Curricular and Research Overview
Communications, Information, and Signal Processing. Advanced study and research in this field deals with the encoding, transmission, retrieval, and interpretation of information in many forms. Students may pursue programs of study focusing on mathematical foundations, improved algorithms, and hardware/software implementation. Communications research focuses on the transmission of information over wireless, optical, and wired channels. Telecommunications engineering creates wired and wireless systems that satisfy desirable societal, bandwidth, and hardware constraints. Research in statistical communications aims at reducing adverse effects on signal transmission in such systems through probabilistic modeling. The channels considered range from subminiature networks inside a computer chip, through broadband cable and communications satellites.
Image Sciences . Research in this area covers a range of technologies and applications. Research areas include image reconstruction, pattern recognition, computer vision, image and video processing, artificial intelligence, computer graphics, machine learning, computational geometry, geographic information science and computational cartography. Primary application areas include systems biology, bioinformatics, computer-assisted surgery, radiation treatment planning, diffuse optical and optical coherence tomography, synthetic aperture imaging, distributed RF imaging, camera networks, range data processing, large geometric datasets, image and video processing for human viewers including visual effects in movies and television, image analysis aids to neurobiology, and multimodality imaging and analysis.
Computer Engineering and Networks . The development of advanced computer systems and their interconnection to facilitate ubiquitous and pervasive computing capabilities is the primary focus of this group. Research topics related to the design, implementation, layout, and testing of hardware systems include the design and testing of digital and mixed-signal chips and the development of computer-aided design tools. Other topics, many in conjunction with Electrophysical Devices and Systems (below), include error correcting coding system design and VLSI implementation for magnetic and holographic storage, algorithm/architecture co-design for wireless multi-antenna signal processing, fault tolerance for semiconductor and molecular nanoelectronic memory. Work in this group includes broadband multi-Gb/s communications circuits and wafer-level 3D integration for millimeter wave smart antennas. RF-powered wireless communications circuits for bio-implantable microsystems and methodologies to enable inexpensive portable platforms for reliable, fast, safe environmental assessment and biomedical diagnostics are of particular interest.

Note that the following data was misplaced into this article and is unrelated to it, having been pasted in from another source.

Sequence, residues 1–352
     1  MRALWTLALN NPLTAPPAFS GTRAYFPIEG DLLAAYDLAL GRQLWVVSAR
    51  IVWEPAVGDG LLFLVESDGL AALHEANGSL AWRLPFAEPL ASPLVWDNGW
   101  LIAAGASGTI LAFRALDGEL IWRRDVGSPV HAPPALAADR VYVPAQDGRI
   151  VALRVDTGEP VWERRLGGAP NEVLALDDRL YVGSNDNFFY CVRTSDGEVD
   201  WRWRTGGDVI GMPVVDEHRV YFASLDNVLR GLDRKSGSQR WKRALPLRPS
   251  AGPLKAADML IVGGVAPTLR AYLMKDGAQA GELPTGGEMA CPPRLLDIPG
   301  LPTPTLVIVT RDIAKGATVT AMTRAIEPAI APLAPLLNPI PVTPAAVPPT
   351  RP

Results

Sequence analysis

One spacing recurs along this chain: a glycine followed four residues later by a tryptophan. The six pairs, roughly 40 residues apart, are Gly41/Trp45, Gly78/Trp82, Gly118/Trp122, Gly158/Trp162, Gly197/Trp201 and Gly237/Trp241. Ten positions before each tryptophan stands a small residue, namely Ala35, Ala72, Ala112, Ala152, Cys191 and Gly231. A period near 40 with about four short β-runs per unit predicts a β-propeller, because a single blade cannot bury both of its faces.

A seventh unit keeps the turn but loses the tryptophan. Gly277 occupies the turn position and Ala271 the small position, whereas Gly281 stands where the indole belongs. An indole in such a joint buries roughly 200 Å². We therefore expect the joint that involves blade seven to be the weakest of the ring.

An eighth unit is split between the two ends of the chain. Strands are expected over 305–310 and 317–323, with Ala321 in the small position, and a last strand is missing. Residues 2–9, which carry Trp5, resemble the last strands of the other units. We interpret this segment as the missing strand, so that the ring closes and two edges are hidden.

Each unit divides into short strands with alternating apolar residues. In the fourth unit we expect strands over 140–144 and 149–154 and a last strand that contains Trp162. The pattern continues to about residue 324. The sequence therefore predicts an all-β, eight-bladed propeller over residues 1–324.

Computer networking research addresses on the development of protocols and architectures for both wired and wireless networks and their modeling for performance evaluation. Emerging technologies for wireless and optical last mile access, wireless sensors networks, network management, traffic management, congestion control, traffic engineering, and quality-of-service (QoS) architectures form the basic areas of current research.
Control, Robotics, and Systems Biology. Current research projects address both control theory and a variety of applications. Faculty interests include advanced control algorithms development in the areas of nonlinear control, adaptive control, multivariable control, robust control, distributed control, and optimal control. These algorithms are applied to robotics, automation systems, robotic multi-vehicle (ground, air, water) coordination, power generation and transmission systems, power electronics, networked systems, micro and nano-systems, biomedical and biological systems, and discrete-event systems. Current projects include planning and control for advanced manufacturing systems, multi-robot actuator and sensor networks for coordinated monitoring and manipulation, and precision motion and force control with vision guidance in micro- and nano-assembly manufacturing and distributed robotics for environmental observation and monitoring. Another area of interest is nonlinear control of large-scale interconnected systems (communication and power networks, vehicle formations, etc.) with limited, local information available to each component of the system. Discrete-event systems theory is a modeling and control discipline relevant to computer-communication systems, transportation systems, as well as the modeling and control of automated manufacturing systems.